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Special Adviser to the Prime Minister on Science and Technology, Dr. Arnoldo Ventura, has said that the only way government could cope with risks and uncertainties was by deploying scientific approaches.He pointed out that this would bolster confidence to pursue innovations prompted by evidence-based information.
“This can go a far way to create new enterprises, ensure higher productivity, allow better environment care and favour the creation of much needed jobs and the social harmony they will bring,” he added.
Dr. Ventura was speaking at the opening of a Ministerial Round Table at a CARICOM Science and Technology Conference, being held in Trinidad and Tobago from May 10 to 13.
He said constant and often fundamental changes were the order of the day in this knowledge-led world, and to cope with these changes, expertise in the use of science and the technologies, were crucial. “Abandon this fact and we have the problems that many Caribbean territories face today,” he asserted.
“In truth and in fact today, success in all areas of life, in one way or another, depends on Science and Technology (S&T) information and insights, coming from the interpretation, analysis and application of global information flows and research results provided by local practitioners,” Dr. Ventura pointed out.
He said science must find direct expression in the resolution of social and economic needs and challenges, and universities must forge closer linkages with the productive and social sectors. However, he noted, these would not happen by themselves.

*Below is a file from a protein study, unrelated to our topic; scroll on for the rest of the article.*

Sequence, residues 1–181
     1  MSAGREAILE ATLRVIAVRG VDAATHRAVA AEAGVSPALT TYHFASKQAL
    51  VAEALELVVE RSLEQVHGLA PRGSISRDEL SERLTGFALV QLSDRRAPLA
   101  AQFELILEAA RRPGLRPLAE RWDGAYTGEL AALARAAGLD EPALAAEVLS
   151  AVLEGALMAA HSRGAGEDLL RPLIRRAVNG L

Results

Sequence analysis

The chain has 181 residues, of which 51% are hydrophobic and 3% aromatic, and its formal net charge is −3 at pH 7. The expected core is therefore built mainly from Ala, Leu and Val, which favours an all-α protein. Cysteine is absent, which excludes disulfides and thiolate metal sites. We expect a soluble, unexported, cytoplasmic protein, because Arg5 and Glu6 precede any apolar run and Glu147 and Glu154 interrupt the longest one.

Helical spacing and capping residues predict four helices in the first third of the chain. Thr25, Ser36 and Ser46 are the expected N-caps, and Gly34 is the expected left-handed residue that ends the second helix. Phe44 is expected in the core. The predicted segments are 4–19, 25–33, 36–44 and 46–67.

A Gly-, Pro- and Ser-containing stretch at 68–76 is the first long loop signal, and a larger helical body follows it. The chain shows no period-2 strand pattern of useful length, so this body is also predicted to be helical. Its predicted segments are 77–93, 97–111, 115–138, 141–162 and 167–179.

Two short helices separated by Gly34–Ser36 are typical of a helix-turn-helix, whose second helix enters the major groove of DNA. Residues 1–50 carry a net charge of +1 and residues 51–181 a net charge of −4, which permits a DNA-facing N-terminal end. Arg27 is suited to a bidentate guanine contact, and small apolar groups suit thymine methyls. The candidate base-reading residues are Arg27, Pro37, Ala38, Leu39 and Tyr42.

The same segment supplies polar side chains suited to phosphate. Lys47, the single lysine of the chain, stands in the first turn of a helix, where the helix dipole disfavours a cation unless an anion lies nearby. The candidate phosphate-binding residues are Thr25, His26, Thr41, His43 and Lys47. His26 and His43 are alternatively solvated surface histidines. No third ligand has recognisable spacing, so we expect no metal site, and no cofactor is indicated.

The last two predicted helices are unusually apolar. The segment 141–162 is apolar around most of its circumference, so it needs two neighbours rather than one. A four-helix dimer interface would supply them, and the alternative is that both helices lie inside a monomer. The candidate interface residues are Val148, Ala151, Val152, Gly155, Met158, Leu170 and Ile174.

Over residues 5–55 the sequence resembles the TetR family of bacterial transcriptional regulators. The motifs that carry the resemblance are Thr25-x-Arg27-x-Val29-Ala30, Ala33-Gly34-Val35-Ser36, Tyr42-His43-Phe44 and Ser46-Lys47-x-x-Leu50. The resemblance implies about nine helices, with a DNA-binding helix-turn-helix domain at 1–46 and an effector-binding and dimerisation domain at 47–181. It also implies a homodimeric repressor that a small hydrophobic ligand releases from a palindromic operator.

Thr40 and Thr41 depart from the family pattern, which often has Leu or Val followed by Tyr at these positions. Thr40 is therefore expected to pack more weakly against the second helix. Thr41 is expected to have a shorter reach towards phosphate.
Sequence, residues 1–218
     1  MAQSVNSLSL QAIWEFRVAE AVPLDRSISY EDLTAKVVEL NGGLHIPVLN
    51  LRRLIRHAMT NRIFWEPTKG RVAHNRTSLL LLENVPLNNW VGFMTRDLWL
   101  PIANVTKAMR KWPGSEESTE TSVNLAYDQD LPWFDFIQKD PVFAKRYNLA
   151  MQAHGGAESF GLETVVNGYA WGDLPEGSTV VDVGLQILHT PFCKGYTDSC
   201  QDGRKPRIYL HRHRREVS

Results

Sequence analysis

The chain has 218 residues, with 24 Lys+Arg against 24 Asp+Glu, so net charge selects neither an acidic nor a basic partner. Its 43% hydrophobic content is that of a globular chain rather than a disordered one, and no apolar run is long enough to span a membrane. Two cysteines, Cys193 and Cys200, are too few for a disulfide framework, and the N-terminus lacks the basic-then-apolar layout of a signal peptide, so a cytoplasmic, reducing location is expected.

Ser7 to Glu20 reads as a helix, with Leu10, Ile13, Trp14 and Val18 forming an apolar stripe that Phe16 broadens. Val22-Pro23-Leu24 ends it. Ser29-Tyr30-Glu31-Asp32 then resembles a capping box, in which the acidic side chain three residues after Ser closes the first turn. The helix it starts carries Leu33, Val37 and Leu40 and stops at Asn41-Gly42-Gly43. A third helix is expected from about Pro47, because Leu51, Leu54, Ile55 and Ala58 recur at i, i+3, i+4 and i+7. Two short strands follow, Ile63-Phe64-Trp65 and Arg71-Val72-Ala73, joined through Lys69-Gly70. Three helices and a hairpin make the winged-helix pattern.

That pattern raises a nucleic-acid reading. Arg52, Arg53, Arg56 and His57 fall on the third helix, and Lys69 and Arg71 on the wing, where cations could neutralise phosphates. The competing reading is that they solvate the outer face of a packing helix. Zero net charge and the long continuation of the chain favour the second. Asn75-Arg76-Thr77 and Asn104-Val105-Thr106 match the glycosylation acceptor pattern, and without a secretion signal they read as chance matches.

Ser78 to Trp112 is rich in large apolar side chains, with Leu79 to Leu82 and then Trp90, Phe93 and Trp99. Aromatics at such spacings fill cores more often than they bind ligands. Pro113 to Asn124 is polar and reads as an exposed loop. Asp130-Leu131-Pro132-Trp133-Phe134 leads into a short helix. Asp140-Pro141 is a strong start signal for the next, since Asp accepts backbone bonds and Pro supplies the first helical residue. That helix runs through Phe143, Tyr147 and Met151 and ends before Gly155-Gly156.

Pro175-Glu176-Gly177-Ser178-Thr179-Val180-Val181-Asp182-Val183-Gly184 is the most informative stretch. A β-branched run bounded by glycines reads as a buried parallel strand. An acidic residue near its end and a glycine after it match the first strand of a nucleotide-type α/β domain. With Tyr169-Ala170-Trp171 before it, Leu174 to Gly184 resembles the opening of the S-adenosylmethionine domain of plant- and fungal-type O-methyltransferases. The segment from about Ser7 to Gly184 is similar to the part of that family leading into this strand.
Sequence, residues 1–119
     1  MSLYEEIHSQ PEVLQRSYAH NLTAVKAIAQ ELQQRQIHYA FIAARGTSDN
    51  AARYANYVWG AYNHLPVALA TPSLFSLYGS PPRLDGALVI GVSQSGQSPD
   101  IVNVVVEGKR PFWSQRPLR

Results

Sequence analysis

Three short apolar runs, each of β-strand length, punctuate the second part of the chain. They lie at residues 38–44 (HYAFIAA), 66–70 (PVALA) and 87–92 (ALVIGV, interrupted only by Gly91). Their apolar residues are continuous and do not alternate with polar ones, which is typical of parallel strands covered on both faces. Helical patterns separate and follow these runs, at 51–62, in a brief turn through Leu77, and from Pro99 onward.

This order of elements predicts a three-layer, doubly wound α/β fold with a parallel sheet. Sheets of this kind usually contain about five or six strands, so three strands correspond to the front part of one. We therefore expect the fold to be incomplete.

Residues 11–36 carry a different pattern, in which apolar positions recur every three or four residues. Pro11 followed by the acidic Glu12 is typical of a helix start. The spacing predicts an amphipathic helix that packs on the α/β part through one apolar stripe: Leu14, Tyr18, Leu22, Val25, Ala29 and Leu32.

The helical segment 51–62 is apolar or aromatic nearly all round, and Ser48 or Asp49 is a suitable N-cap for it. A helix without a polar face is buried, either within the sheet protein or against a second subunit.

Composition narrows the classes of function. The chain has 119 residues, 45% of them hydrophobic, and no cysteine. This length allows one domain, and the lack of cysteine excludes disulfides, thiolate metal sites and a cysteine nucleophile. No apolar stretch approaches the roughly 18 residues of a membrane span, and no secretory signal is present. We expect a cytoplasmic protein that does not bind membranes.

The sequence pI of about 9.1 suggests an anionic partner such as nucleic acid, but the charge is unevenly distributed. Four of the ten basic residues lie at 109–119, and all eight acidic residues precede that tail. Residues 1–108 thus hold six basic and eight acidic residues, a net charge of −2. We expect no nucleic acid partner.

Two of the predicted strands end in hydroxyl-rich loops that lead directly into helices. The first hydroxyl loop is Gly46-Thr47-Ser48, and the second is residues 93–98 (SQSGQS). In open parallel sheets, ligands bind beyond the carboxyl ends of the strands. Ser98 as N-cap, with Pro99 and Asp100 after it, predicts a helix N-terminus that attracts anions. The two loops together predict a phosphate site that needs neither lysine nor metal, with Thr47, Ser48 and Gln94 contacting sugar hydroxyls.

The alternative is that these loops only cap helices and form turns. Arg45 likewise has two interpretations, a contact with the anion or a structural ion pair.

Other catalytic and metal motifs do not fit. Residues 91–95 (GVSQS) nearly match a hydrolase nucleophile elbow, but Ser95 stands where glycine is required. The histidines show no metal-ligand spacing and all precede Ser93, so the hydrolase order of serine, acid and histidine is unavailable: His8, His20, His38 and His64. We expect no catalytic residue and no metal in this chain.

“I submit that political leadership is where all this must begin, because government is the prime supporter of tertiary education and scientific research and is responsible for the risky, but often highly rewarding innovative projects of national importance,” he said.
Moreover, he added, the private sector, in general, was not yet mature enough to confidently support medium to long term investments, such as science and technology and take the risks in using the results.
Problems with the economy, unemployment, production and productivity, trade and education, Dr. Ventura said, pointed to the need for better knowledge generation, diffusion and application systems. “There is no doubt that domestic S&T and research development are the best ways to generate the data, information and knowledge that our societies need,” he told the participants.
Dr. Ventura further stated that a successful Caribbean depended on collectively solving the chronic problem of weak S&T infrastructure and technological initiatives for development and business purposes.
He said the region must determine ways to strengthen its S&T communities and place S&T at the centre of development efforts, serving the interests of the people.

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